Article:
This poached pear frangipane tart takes a little planning and skill, but with patience and vision, you too can create a sweet, almond scented masterpiece. (Photo by Tressa Dale/Peninsula Clarion)

This poached pear frangipane tart takes a little planning and skill, but with patience and vision, you too can create a sweet, almond scented masterpiece. (Photo by Tressa Dale/Peninsula Clarion)

Masterpiece into the fire

Poached pear frangipane tart takes artistry and patience

For the final project in one of my classes, I was tasked to “make something creative.”

Being the person I am, I was paralyzed by the possibilities. Should I paint something? Should I write an essay? A poem? Should I make a paper sculpture or a felt flower bouquet or make puppets out of socks?

Ultimately, I fell back on one of my favorite arts: pastry.

While the technical aspects of pastry are exact and unforgiving, the decorative portions provide ample space for expression. My submission was time consuming and laborious, but I quite enjoyed the time in my silent kitchen after the little one was snoring, to let my mind wander while I sliced and rolled each bloom and placed each tiny marzipan ball just so, late into the night.

When I was finally ready to place my masterpiece into the fire, I hesitated. So often the results of our creative vision fall short in the final execution, and when you can’t control exactly how the filling will rise and push the décor around in unexpected ways, it seems a shame to cook it and burst that beautiful bubble.

But as I have said before, my favorite artistic medium is one that will disappear, so in the oven she went.

This poached pear frangipane tart takes a little planning and skill, but with patience and vision, you too can create a sweet, almond scented masterpiece.

Poached Pear Frangipane Tart

For the tart crust:

1 stick plus 3 tablespoons cold butter — cubed

1 egg yolk

2 cups all-purpose flour

⅓ cup sugar

1 teaspoon vanilla extract

Pinch of salt

For the poached pears:

3 large pears — slightly underripe is best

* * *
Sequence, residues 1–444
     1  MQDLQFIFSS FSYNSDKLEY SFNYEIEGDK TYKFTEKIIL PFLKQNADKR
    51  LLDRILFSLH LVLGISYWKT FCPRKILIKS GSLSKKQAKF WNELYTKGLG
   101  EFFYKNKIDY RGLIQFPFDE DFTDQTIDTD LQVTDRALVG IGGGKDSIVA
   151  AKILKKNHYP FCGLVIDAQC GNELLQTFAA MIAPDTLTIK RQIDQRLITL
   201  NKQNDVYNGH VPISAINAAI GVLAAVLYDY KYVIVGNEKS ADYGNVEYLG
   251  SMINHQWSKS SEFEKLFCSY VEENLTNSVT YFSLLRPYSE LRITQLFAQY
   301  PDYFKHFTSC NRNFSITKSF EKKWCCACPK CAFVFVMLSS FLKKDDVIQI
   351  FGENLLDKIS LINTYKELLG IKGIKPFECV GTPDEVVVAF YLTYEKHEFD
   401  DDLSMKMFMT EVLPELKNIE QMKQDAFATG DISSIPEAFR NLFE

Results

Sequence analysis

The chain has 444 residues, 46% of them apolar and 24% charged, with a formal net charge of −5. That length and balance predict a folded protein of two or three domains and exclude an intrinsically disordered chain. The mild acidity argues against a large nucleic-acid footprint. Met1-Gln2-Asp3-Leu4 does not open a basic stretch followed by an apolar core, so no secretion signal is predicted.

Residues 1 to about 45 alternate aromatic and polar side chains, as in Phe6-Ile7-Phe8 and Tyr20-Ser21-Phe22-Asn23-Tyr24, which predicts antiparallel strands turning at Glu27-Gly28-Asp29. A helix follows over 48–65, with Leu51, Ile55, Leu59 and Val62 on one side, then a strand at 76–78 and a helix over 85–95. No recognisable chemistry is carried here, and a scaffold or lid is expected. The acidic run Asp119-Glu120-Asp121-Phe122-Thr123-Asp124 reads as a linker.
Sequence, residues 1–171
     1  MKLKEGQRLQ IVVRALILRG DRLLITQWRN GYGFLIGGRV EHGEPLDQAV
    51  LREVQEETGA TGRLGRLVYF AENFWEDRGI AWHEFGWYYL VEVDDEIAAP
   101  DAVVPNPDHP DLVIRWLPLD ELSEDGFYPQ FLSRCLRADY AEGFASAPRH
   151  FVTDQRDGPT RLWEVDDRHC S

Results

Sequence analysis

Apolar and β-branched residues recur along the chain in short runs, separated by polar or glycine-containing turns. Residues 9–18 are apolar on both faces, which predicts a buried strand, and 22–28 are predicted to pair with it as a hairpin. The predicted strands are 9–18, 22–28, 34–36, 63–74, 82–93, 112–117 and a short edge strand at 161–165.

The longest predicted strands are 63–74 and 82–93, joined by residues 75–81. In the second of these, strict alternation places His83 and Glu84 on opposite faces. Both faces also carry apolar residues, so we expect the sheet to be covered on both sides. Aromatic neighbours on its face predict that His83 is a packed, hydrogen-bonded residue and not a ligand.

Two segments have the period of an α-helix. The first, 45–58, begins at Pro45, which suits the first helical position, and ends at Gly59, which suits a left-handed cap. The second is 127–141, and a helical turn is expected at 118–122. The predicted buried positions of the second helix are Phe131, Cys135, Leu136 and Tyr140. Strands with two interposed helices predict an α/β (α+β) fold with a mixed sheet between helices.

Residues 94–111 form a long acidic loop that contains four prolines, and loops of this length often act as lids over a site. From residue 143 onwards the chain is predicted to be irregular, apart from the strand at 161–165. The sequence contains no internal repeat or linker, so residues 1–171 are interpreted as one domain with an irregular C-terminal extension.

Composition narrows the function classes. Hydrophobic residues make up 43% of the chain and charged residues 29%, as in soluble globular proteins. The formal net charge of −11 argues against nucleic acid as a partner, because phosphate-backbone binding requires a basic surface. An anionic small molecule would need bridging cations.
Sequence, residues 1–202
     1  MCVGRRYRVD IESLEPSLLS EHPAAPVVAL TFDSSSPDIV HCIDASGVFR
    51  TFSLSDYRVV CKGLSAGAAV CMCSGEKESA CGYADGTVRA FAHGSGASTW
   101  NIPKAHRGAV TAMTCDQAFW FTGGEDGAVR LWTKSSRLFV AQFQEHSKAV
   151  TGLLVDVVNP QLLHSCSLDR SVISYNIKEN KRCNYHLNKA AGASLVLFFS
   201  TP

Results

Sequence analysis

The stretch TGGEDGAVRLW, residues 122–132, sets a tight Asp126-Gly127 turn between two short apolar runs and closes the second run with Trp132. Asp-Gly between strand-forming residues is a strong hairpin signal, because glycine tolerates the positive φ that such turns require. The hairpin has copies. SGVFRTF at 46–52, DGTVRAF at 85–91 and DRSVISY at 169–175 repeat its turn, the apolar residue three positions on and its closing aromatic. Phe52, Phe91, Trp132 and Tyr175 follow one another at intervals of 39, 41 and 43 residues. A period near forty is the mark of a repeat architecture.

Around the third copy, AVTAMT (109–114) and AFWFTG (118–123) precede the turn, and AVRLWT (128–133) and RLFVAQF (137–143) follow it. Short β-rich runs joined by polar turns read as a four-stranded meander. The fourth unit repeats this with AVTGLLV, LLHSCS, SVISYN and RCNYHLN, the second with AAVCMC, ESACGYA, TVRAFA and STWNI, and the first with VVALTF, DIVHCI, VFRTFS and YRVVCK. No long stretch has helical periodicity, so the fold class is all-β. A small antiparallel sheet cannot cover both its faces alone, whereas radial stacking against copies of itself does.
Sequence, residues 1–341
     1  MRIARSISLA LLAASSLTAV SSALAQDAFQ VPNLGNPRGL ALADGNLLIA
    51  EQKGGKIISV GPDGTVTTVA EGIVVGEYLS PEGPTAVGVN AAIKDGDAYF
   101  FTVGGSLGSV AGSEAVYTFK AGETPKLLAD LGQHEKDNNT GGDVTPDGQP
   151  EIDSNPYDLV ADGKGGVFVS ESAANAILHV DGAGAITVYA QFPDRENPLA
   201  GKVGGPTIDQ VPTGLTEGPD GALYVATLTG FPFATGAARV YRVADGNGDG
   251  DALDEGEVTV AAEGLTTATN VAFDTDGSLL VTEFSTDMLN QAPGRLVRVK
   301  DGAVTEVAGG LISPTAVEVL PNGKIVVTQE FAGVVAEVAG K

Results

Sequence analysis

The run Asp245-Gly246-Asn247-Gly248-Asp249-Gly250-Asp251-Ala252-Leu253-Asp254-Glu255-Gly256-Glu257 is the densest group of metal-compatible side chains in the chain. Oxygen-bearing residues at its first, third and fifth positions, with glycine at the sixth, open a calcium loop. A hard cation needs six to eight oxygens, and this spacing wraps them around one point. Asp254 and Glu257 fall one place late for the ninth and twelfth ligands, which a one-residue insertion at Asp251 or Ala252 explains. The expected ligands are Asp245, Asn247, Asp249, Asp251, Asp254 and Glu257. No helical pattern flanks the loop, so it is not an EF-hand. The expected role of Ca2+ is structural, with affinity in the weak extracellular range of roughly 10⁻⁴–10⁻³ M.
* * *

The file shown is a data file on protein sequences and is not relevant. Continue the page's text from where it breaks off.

1 star anise pod

1 cinnamon stick

2 cups sugar

6 cups water

For the frangipane filling:

1 stick butter — softened

1 cup almond flour

½ cup sugar

3 eggs

1 teaspoon almond extract

1 tablespoon all-purpose flour

Make the tart crust first.

In a food processor combine the sugar, salt and flour by pulsing until combined.

Add in the cold butter, one cube at a time, while pulsing until the mixture is homogenous.

Add the egg yolk and vanilla last and keep pulsing until the dough starts to come together. The dough will appear dry but keep pulsing and it will start to clump.

Turn the dough out onto the counter and knead until smooth.

Press the dough into a greased 10-inch tart pan and chill for at least 1 hour.

Poach the pears next.

Mix the sugar and water in a medium saucepan and bring to a simmer.

Add in the spices and turn the heat down to a slow simmer

Peel the pears and slice in half longways, keeping the stem attached.

Use a melon baller to remove the core, then drop the pears into the simmering water. If the liquid doesn’t cover the pears completely, add water until it does.

Simmer the pears in the water for about 10 minutes, turning occasionally, until softened.

Turn off the heat and allow the pears to cool in the liquid to room temperature.

Blind bake the tart shell by baking in a 375-degree oven for 20 minutes under a greased aluminum cover with pie weights. Then remove the aluminum and the weights and bake for an additional 5 minutes.

Allow the shell to cool completely before continuing.

Make the filling next.

Cream the butter and sugar together, then add the eggs one at a time while beating at low speed.

Add the almond flour and mix until combined.

Add the flour and almond extract and mix.

Assemble the tart by pouring the filling into the tart crust and smoothing the top as perfectly as possible.

Take your pears out of the poaching liquid and gently dry.

Slice thinly and arrange on the surface of the filling — be as creative as you please.

Bake at 375 degrees for about 45 minutes, until the filling has risen around the pears and has turned a deep brown.

Serve warm with a dusting of powdered sugar.

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